Mark Cuban reveals his ‘baby’—an affordable medicines website—had $3.1m in SVB as he ‘scrambles’ to get the company’s payroll together

March 14, 2023, 11:58 AM UTC
Mark Cuban pictured in a crowd.
Cuban said focus needs to remain on startups being able to pay their staff and vendors.
Christian Petersen - Getty Images

Despite being exposed to the tune of $8 to $10 million in the collapse of Silicon Valley Bank, Mark Cuban considers himself relatively lucky.

Speaking on Twitter Spaces this weekend, Cuban laid bare what he believes the priorities should be for impacted parties: supporting startups to sign off their payroll and invoices to vendors, so their creditors in turn can continue to operate.

Minimizing layoffs at companies directly or indirectly linked to SVB is so key that Cuban has begun signing checks himself to ensure the bills get paid, saying he refuses to see the failure of his “baby”—affordable medication platform

The move comes after investors and depositors tried to withdraw $42 billion from tech stalwart Silicon Valley Bank, according to a California regulatory filing at the end of last week. Since then the U.S. Federal Reserve has said it would ensure that depositors at Silicon Valley Bank and Signature Bank—which also failed over the weekend—were protected in full, even beyond the $250,000 normally covered under federal deposit insurance. 

Speaking to Twitter Space host Mario Nawfal, Cuban said the much-feared domino effect will depend on the percentage of uninsured deposit returned to investors. If it’s between 50% and 60%, he said, the market will have “some confidence” in the system. If it’s less than 10% then questions will begin to be asked, and if nobody gets anything then there’s a risk of a “huge contagion,” he warned.

The Shark Tank investor said that in that scenario: “Payrolls aren’t made, vendors aren’t paid, and those vendors can’t pay their payroll, so there’s a second, third, and fourth order.

“If there’s no money paid out in advanced dividends then we have a problem. If there’s a material amount that covers enough of the startups and the wine industry for the companies impacted to pay their bills and make their payroll, then six months from now we won’t remember the details.”

He added if customers get a 50% return by Wednesday, the next question is how communication over the remaining 50% will be handled: “If it’s all uncertainty and we don’t know any type of timeline and there’s no ongoing communication that’ll create a small contagion, but still a contagion.”

In response to how he’s keeping his impacted firms going, is answer was simple: “I’m writing checks.”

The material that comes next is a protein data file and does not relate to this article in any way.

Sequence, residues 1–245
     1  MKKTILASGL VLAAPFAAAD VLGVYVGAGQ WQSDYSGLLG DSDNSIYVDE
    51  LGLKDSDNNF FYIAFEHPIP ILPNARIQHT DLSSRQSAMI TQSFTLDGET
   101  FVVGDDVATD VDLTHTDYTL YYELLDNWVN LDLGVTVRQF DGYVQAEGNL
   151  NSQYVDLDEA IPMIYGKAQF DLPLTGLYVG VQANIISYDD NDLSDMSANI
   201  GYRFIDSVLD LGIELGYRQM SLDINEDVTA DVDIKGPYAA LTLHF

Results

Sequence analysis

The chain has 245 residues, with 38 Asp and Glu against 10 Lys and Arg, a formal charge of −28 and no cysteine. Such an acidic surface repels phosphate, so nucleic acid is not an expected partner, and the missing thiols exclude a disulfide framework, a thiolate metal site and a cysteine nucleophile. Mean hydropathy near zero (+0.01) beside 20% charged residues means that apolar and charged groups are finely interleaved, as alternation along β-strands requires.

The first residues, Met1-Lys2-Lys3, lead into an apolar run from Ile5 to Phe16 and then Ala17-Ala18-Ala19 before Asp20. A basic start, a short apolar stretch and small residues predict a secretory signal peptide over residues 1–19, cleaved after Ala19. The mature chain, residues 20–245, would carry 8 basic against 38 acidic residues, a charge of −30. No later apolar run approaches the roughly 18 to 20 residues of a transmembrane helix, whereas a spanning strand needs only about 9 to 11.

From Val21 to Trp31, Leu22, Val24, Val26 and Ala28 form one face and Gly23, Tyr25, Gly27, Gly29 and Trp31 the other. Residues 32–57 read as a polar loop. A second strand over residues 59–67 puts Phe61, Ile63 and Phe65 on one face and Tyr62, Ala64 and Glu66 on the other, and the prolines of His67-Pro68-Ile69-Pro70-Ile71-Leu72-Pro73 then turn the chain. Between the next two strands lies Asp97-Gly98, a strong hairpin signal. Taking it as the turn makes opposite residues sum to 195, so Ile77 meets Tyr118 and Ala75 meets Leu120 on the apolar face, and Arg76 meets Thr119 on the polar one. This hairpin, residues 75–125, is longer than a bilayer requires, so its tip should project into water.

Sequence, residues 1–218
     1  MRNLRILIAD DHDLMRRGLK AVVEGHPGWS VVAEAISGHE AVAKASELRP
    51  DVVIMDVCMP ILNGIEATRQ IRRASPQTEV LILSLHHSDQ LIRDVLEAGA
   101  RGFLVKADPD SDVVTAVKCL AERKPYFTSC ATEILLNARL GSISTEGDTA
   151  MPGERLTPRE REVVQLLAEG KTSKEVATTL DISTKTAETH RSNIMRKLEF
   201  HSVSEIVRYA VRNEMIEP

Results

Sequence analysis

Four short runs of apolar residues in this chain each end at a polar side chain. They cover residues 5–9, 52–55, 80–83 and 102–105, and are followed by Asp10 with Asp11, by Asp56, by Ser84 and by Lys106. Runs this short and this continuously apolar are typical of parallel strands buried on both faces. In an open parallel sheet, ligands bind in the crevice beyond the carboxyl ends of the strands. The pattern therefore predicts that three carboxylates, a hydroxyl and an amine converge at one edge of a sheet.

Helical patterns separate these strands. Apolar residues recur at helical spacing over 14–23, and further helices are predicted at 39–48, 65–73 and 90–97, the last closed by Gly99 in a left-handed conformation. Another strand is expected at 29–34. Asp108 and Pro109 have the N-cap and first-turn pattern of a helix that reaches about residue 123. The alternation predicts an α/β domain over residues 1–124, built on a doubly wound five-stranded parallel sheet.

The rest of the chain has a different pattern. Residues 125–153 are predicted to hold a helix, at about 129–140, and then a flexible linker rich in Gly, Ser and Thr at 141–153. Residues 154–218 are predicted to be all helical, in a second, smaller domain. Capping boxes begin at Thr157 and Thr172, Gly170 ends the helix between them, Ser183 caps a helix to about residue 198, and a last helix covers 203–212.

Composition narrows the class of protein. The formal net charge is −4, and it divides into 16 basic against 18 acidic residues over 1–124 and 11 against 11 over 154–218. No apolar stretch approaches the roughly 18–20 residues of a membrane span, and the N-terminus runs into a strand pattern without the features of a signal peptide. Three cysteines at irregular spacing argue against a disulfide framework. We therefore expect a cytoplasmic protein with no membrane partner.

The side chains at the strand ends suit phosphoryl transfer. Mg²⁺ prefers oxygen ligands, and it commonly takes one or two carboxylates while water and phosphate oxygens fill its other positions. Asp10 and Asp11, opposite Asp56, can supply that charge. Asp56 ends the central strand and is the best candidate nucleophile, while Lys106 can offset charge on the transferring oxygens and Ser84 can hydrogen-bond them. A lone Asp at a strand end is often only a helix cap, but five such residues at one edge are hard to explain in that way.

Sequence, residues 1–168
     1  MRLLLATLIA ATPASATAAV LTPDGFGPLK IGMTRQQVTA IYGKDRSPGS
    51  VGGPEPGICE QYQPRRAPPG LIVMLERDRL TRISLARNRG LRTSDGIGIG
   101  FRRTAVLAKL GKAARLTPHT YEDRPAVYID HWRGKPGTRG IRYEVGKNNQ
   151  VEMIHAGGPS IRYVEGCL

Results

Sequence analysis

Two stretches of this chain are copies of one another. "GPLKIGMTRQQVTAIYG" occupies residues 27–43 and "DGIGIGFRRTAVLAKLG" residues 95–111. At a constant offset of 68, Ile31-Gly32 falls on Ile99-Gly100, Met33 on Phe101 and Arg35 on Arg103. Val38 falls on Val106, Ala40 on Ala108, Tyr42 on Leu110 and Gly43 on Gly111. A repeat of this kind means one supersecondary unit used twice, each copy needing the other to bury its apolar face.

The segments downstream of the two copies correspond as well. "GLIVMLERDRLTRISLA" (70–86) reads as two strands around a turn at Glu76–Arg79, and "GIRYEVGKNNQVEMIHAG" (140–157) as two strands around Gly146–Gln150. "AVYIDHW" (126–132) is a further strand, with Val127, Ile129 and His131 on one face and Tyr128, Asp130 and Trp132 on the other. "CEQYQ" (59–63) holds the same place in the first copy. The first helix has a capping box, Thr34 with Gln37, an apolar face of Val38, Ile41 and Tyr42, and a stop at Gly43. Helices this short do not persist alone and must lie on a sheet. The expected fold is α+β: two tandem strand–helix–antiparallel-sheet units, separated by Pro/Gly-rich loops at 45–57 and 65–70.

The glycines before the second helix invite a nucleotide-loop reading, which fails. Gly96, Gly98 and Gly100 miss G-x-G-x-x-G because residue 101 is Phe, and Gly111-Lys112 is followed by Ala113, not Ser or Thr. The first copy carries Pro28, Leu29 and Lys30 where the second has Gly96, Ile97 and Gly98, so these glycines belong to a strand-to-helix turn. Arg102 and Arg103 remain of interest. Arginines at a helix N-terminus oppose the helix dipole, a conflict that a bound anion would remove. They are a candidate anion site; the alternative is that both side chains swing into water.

He added: “I’m only exposed to maybe $8 million to $10 million dollars so I’m fortunate. But deals with SVB. We had I think $3.1 million there, so we’re scrambling and opening up accounts and staying up late talking to banks to get accounts opened up. I’m writing checks on Monday morning first thing to make sure that payroll and payables are covered. is my baby right now—I’m not letting it go anywhere—and so I’m playing offense in every way I know how.”

‘Nobody could have predicted this’

Despite claims that VCs and bosses at SVB should have seen the run coming, Cuban insists the scale and swiftness of the bank’s collapse couldn’t have been predicted.

He added founders would have been unlikely to rank a bank run at anywhere above zero, continuing: “I can’t say you can blame anybody. Even SVB when they’re assigning probability to bank runs and high-profile VCs telling all their companies to yank money from SVB, nowhere do you assign a probability that $42 billion is taken out within eight to 10 hours or whatever it was. This really is a confluence of events that nobody would have predicted.”

He added, “I do think it’s going to be interesting when we find out if any of the VCs that were actively telling people to withdraw their funding were also shorting at the same time, and what the legal ramifications are.”

It’s too late to minimize the fallout for companies indirectly linked to SVB, Cuban said, adding, “These are the types of situations where you hope the government comes in. I don’t call it a bailout and some people gave me a hard time for that, simply because I think there’s good assets and if you’re buying good assets and that solves a liquidity problem that’s not a bailout. That’s taking care of the liquidity side of the problem and your risk is the interest rate delta.”

Could more runs be on the way?

Signature Bank—which also operates in the tech industry—saw a similar rush over the weekend before being taken over by regulators. That others will follow is a “possibility,” said Cuban, though the ramifications may not be felt to the same extent.

“Other bank runs are a possibility,” he said. “Any of the low-insured deposit percentage banks—if the FDIC doesn’t communicate well on their advanced dividends and what the payouts and returns are going to be for the deposits, then all those other banks are at risk. I don’t think they have the concentration to generate a true bank run.”

Such chaos could present opportunities for those willing to pick through the scraps, he added. Drawing from comparisons with Amazon and Dell in 2000 and LiveNation in March 2020, Cuban said it was an opportunity to invest in good companies. Such options will only be available to a “select few,” he added, as details of SVB’s other businesses came to light this week.

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